The first all-Brazilian satellite was launched in India in the early hours of last Sunday (February 28, 2021). The satellite, called Amazon-1, arrived in space aboard the PSLV-C51 rocket launched on the island of Sriharikota, India, and will have as its primary mission the observation and monitoring of deforestation in the Amazon region.
About 17 minutes after the rocket launch, the satellite split up and did its first planned activities, such as opening the solar panel, stabilizing its orientation to Earth, checking systems, and placing readiness mode.
From the space, it will send the signal to three monitoring stations in Brazil: one in Cuiabá (MT), the other in Alcântara (MA) and the third in Cachoeira Paulista (SP). All satellite movements will be coordinated from another station, which is located at the National Institute of Space Research (INPE). The satellite is expected to generate images of the entire Earth every five days and can be programmed to provide data from a specific point of the planet every two days.
In addition to Amazon 1, the rocket took another 18 passenger satellites that include four from India’s National Space Promotion and Authorization Center (IN-SPACe). Among the four, three are UNITYsats from a consortium of three Indian academic institutes and one from Satish Dhawan Sat of Space Kidz India, and 14 from NewSpace India Ltd. (NSIL), the commercial arm of the Indian Space Research Organization (ISRO).
In a tweet sent by Indian Prime Minister Narendra Modi to Brazilian President Jair Bolsonaro, Modi wrote:
“Congratulations President @jairbolsonaro on the successful launch of Brazil’s Amazonia-1 satellite by PSLV-C51. This is a historic moment in our space cooperation and my felicitations to the scientists of Brazil.”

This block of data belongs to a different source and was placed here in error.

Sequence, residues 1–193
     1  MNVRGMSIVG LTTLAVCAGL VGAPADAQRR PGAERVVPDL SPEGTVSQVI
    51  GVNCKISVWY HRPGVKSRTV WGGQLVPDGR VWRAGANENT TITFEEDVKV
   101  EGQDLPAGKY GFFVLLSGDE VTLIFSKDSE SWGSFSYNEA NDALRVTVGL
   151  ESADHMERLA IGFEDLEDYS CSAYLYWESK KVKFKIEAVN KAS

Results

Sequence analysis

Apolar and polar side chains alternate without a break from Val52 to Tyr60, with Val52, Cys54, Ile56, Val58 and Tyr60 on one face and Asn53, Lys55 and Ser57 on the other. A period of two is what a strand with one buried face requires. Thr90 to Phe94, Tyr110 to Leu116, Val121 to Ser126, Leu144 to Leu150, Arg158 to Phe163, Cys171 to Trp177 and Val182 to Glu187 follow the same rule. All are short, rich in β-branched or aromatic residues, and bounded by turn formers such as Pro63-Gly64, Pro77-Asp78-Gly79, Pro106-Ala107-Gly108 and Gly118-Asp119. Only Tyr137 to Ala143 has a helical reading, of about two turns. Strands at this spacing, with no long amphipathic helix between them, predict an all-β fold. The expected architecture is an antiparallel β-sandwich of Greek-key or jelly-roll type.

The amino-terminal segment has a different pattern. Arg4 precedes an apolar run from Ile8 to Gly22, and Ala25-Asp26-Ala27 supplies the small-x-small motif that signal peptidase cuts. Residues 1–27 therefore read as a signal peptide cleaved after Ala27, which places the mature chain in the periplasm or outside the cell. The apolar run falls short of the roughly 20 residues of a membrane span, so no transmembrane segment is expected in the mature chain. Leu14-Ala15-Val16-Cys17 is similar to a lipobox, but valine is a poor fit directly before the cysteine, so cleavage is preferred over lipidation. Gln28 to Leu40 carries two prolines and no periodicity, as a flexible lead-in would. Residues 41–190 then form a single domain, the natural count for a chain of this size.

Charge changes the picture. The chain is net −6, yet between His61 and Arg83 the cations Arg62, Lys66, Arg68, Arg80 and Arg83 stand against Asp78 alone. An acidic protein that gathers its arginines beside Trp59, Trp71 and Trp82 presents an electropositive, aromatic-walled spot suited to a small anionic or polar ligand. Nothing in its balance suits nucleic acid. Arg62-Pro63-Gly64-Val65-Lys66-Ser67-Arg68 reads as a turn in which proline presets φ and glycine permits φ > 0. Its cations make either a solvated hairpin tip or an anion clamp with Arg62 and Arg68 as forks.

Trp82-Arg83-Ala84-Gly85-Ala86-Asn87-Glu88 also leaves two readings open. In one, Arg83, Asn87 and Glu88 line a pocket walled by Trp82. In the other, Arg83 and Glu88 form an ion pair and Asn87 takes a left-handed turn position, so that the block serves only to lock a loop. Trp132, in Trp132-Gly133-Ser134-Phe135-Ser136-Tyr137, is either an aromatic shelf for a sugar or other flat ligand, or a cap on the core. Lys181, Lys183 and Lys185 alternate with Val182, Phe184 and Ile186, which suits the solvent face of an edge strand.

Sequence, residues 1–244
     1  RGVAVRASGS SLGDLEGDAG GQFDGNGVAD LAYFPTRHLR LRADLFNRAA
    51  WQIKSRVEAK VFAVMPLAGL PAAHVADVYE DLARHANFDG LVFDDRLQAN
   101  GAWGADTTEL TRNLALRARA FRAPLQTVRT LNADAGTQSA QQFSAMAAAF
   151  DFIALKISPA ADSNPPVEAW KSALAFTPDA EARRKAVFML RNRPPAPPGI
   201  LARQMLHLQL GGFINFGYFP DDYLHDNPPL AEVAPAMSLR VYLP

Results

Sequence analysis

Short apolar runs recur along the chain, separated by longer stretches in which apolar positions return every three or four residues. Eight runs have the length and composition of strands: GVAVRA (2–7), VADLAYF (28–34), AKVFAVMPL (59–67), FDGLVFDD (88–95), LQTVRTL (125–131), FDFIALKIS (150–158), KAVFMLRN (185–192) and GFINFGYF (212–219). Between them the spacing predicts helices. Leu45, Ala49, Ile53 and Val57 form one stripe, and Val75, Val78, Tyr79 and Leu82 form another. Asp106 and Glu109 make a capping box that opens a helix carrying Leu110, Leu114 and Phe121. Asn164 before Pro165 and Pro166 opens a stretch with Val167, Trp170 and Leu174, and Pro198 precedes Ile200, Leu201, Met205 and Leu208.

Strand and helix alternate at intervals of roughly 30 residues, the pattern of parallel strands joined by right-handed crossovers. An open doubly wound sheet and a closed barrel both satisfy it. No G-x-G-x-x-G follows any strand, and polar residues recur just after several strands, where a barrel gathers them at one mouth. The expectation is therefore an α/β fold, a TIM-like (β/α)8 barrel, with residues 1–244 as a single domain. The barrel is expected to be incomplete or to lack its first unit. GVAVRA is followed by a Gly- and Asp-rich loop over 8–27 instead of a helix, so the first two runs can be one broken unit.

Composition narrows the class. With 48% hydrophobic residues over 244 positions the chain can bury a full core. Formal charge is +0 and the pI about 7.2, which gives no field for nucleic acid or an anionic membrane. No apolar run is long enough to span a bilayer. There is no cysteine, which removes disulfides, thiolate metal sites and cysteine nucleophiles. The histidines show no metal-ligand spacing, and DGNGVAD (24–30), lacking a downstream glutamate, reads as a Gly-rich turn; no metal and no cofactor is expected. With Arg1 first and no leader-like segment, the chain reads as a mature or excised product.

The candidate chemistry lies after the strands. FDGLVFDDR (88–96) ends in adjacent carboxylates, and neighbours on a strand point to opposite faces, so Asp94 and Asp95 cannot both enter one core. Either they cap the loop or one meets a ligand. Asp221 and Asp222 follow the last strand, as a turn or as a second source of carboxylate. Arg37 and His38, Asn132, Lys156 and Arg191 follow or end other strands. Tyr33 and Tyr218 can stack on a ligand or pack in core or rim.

— Narendra Modi (@narendramodi) February 28, 2021
The launch of The Amazon-1 was witnessed in India by the Brazilian Minister of Science, Technology and Innovation Marcos Pontes and the directors of the Brazilian Space Agency (AEB) and INPE.
The Brazilian satellite was launched in India, and not on the platform of the Alcântara military base in Maranhão, because Brazil does not have a rocket that is large enough to put Amazon 1 into space. This is because each rocket has a specific pattern. What exists in Brazil is about 19.7 meters high, while the Indian platform is 44.4 meters.
Amazon 1, which is 4 meters long and 640 kg heavy and fully developed at INPE, will stay 752 kilometers above the earth’s surface in an orbit between the north and south poles and will capture images in high resolution. With six kilometers of wires and 14,000 electrical connections, Amazon 1 is able to observe a range of approximately 850 km with 64 meters of resolution. INPE points out that the Amazon Mission will yield to Brazil the consolidation of knowledge in the complete cycle of satellite development, the development of the national industry of the mechanisms for opening solar panels, the development of the propulsion of the subsystem of altitude control and orbit in the national industry and the consolidation of knowledge in the campaign to launch more complex satellites.
The launch rocket also took to space the Hindu sacred text, the Bhagavad Gita, in secure digital card (SD) format. In addition, an image of Prime Minister Narendra Modi will remain engraved at the top of the panel of a co-pilot satellite. There will also be about 25,000 names aboard the SD SAT, all sent by people at the request of space authorities for their location in space.
ISRO officials, including its president, Dr. K. Sivan, were camped in Shar to oversee the launch. Sivan offered prayers at the sacred shrine of Tirupati Balaji for the success of the first mission in 2021.